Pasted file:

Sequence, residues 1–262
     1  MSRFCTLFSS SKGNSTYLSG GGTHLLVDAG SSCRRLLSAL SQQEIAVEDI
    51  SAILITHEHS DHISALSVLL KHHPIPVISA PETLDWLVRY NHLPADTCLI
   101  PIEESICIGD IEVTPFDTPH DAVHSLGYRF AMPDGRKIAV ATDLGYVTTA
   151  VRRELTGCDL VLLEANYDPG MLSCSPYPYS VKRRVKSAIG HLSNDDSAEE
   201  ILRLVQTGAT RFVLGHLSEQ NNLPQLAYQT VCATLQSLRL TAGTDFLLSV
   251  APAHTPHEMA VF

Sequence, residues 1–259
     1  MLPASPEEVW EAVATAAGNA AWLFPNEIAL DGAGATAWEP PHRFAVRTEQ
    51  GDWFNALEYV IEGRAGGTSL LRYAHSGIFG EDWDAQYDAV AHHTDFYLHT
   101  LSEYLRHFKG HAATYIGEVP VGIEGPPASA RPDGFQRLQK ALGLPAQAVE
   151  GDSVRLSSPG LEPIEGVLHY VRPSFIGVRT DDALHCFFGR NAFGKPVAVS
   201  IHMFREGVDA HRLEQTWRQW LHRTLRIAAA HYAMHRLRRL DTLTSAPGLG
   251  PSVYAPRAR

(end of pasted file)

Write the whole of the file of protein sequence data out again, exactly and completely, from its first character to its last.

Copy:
Sequence, residues 1–262
     1  MSRFCTLFSS SKGNSTYLSG GGTHLLVDAG SSCRRLLSAL SQQEIAVEDI
    51  SAILITHEHS DHISALSVLL KHHPIPVISA PETLDWLVRY NHLPADTCLI
   101  PIEESICIGD IEVTPFDTPH DAVHSLGYRF AMPDGRKIAV ATDLGYVTTA
   151  VRRELTGCDL VLLEANYDPG MLSCSPYPYS VKRRVKSAIG HLSNDDSAEE
   201  ILRLVQTGAT RFVLGHLSEQ NNLPQLAYQT VCATLQSLRL TAGTDFLLSV
   251  APAHTPHEMA VF

Sequence, residues 1–259
     1  MLPASPEEVW EAVATAAGNA AWLFPNEIAL DGAGATAWEP PHRFAVRTEQ
    51  GDWFNALEYV IEGRAGGTSL LRYAHSGIFG EDWDAQYDAV AHHTDFYLHT
   101  LSEYLRHFKG HAATYIGEVP VGIEGPPASA RPDGFQRLQK ALGLPAQAVE
   151  GDSVRLSSPG LEPIEGVLHY VRPSFIGVRT DDALHCFFGR NAFGKPVAVS
   201  IHMFREGVDA HRLEQTWRQW LHRTLRIAAA HYAMHRLRRL DTLTSAPGLG
   251  PSVYAPRAR